At the second anniversary party at Mono + Mono, a Korean eatery in the East Village, owner M.J. Chung unveiled yet another old school twist to his restaurant—View-Masters.
If you are over the age of 30 you may remember the View-Master, which first hit the market in 1939, from your childhood. If not, well, it’s a handheld box that you put round, film-like disks with pictures on them inside. For some, you hold them up to the light to see the images. Others, like the one Chung has procured, uses battery power to illuminate the seven 3D images of special dishes and drinks, like their twice-fried wings, spicy Lady’s Night cocktail, and soju flights.
For the 40-year-old Chung, who looks more like a 22-year-old, his goal is to take what is old and make it new again. He likes the nostalgia that the device brings, and he personally remembers the View-Master from his childhood in Korea.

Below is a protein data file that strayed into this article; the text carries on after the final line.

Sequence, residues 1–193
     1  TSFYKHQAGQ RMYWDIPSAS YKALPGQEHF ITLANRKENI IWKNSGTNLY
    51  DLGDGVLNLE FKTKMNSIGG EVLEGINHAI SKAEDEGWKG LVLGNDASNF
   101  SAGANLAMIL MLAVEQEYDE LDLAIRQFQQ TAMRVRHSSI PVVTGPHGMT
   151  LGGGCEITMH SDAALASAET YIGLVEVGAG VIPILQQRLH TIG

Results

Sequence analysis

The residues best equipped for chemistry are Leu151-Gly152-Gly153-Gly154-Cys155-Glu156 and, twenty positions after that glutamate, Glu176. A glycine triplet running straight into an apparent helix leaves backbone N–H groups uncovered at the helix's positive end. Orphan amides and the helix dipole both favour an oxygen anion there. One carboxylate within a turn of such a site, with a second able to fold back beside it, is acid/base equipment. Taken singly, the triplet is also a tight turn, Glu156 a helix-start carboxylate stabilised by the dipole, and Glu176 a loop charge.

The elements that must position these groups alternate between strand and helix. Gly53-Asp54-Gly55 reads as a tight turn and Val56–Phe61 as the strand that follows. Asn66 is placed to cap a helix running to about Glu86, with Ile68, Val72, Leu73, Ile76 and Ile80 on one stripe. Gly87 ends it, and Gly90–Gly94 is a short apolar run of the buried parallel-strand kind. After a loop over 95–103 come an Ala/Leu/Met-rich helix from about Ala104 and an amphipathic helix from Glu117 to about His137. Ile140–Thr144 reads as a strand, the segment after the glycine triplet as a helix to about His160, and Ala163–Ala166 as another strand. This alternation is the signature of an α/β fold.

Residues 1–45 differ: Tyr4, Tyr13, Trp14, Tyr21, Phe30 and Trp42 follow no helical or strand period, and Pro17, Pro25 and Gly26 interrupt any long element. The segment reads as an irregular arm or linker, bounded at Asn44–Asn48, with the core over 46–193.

Today, only three companies make the film for the View-Master and it’s not cheap. Neither are the actual vintage machines, but, for Chung, it’s all about authenticity. Mono + Mono also boasts a collection of thousands of jazz records, which line the walls of Mono + Mono behind glass. Each evening, the music selected circles the main dining room overhead as guests eat.
Though using the View-Master to showcase menu items while listening to Glen Miller and downing a plate of sticky, crunchy wings walks the fine line of cheesy, the whole concept actually proved pretty neat. You can see for yourself starting December 1.